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Biotech Medicine Science Hardware

Scientists Turn Mammalian Cells Into Complex Biocomputers (sciencemag.org) 37

sciencehabit quotes a report from Science Magazine: Computer hardware is getting a softer side. A research team has come up with a way of genetically engineering the DNA of mammalian cells to carry out complex computations, in effect turning the cells into biocomputers. The group hasn't put those modified cells to work in useful ways yet, but down the road researchers hope the new programming techniques will help improve everything from cancer therapy to on-demand tissues that can replace worn-out body parts. To upgrade their DNA "switches," Wong and his colleagues steered clear of transcription factors and instead switched human kidney cell genes on and off using scissor-like enzymes that selectively cut out snippets of DNA. These enzymes, known as DNA recombinases, recognize two target stretches of DNA, each between 30 to 50 or more base pairs long. When a recombinase finds its target DNA stretches, it cuts out any DNA in between, and stitches the severed ends of the double helix back together. To design genetic circuits, Wong and his colleagues use the conventional cellular machinery that reads out a cell's DNA, transcribes its genes into RNA, and then translates the RNA into proteins. This normal gene-to-protein operation is initiated by another DNA snippet, a promoter, that sits just upstream of a gene. When a promoter is activated, a molecule called RNA polymerase gets to work, marching down the DNA strand and producing an RNA until it reaches another DNA snippet -- a termination sequence -- that tells it to stop. To make one of their simplest circuits, Wong's team inserted four extra snippets of DNA after a promoter. The main one produced green fluorescent protein (GFP), which lights up cells when it is produced. But in front of it was a termination sequence, flanked by two snippets that signaled the DNA recombinase. Wong and his team then inserted another gene in the same cell that made a modified recombinase, activated only when bound to a specific drug; without it, the recombinase wouldn't cut the DNA. When the promoter upstream of the GFP gene was activated, the RNA polymerase ran headfirst into the termination sequence, stopped reading the DNA, and didn't produce the fluorescent protein. But when the drug was added, the recombinase switched on and spliced out the termination sequence that was preventing the RNA polymerase from initiating production of GFP. Voila, the cell lit up. The approach Wong and his colleagues used worked so well that they were able to build 113 different circuits, with a 96.5% success rate. The study has been published in the journal Nature.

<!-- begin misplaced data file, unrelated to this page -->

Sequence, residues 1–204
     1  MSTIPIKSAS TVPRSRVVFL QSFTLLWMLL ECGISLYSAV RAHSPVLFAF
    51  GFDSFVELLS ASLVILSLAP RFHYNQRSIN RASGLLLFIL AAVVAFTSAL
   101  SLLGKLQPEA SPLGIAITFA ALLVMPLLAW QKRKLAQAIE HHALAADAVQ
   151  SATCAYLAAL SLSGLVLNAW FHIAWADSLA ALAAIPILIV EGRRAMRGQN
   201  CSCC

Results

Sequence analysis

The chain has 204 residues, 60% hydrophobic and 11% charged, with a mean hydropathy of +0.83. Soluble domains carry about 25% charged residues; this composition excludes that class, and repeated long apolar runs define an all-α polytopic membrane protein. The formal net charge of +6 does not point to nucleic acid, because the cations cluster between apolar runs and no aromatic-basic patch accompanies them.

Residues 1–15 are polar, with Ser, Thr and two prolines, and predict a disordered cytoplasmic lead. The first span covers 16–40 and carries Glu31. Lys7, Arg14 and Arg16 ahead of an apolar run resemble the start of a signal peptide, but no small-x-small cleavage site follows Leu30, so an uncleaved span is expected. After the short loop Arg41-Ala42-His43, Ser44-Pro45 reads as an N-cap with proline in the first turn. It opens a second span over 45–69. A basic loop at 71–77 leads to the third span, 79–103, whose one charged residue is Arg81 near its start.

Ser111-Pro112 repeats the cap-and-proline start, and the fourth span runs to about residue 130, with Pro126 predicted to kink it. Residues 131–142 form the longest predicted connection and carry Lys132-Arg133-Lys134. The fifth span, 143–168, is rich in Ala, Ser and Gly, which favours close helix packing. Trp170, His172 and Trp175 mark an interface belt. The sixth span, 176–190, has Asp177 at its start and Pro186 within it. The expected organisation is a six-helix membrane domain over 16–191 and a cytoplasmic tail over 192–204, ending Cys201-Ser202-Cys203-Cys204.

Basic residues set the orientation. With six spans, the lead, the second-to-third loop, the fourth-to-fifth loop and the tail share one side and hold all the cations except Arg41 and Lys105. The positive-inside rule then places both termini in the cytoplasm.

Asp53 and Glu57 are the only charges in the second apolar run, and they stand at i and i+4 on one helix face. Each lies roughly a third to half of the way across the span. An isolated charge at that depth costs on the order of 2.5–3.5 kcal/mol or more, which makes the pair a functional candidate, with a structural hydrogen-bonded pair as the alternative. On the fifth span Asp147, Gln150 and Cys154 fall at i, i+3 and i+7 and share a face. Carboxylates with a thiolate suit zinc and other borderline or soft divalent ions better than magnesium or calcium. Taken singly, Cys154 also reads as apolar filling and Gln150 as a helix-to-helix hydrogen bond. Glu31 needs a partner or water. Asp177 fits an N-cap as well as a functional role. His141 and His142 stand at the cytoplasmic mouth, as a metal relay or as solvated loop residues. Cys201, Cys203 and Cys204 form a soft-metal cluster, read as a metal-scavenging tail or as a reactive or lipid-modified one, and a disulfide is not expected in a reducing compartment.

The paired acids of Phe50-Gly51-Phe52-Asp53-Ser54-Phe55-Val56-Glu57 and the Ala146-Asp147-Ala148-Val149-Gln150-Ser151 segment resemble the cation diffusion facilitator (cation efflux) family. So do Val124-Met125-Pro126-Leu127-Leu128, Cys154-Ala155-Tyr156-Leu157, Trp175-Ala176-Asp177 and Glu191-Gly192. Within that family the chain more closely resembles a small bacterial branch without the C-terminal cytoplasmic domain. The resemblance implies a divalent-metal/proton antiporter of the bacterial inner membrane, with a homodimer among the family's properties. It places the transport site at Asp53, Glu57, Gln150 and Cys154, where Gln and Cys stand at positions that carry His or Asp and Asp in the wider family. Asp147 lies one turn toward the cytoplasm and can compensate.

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Scientists Turn Mammalian Cells Into Complex Biocomputers

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  • I see in the distant future, we will eventually reverse engineer the genetic 'object code', to create the source code (I think ID is much more likely than random beneficial mutation); and I wouldn't be surprised if it looks similar to object orientated techniques we currently use.
    Imagine having the source code to life, where you can tinker at a keyboard and 'print out' new DNA. The implications are both scary (eg the ability to create super bugs, or eliminate certain classes of people), to being able to cur

    • When we get life's source code, we'll find that cancer and GOTO are one in the same.
    • by quenda ( 644621 )

      I think we already know that God writes Spaghetti Code beyond our worst nightmares.

  • Imagine a Beowulf Cluster of these.

  • He called it! (Score:5, Interesting)

    by sheramil ( 921315 ) on Wednesday March 29, 2017 @12:51AM (#54133027)
    Greg Bear should sue.

    https://en.wikipedia.org/wiki/... [wikipedia.org]

  • by TimothyHollins ( 4720957 ) on Wednesday March 29, 2017 @04:52AM (#54133459)

    Reading TFA explains my confusion when reading the summary.

    1. Nothing in the summary is new, nor even remotely new. Splicing via recombinase has been done a long time ago, and the biology howto isn't anything novel either.
    2. The article is actually titled "Large-scale design of robust genetic circuits with multiple inputs and outputs for mammalian cells". The novel component is that the authors claim their circuitry construction is easier and more robust than previous approaches that required multi-layered edits for the same effects. Whether or not this is true I cannot say. The validation experiments are a bunch of these edits, one part creating logical circuits and one part creating on/off switches for stuff biologists like, such as CRISPR-Cas9, or a whole slew of fluorescent proteins (they look great in a microscope).
    3. The general take-away is that gene-editing has become so easy and cheap that these studies and uses are becoming feasible.

  • But does it run Linux?

  • They were so preoccupied with whether or not they could [iwatchstuff.com] that they didn't stop to think if they should.

  • this... what could possibly go wrong?

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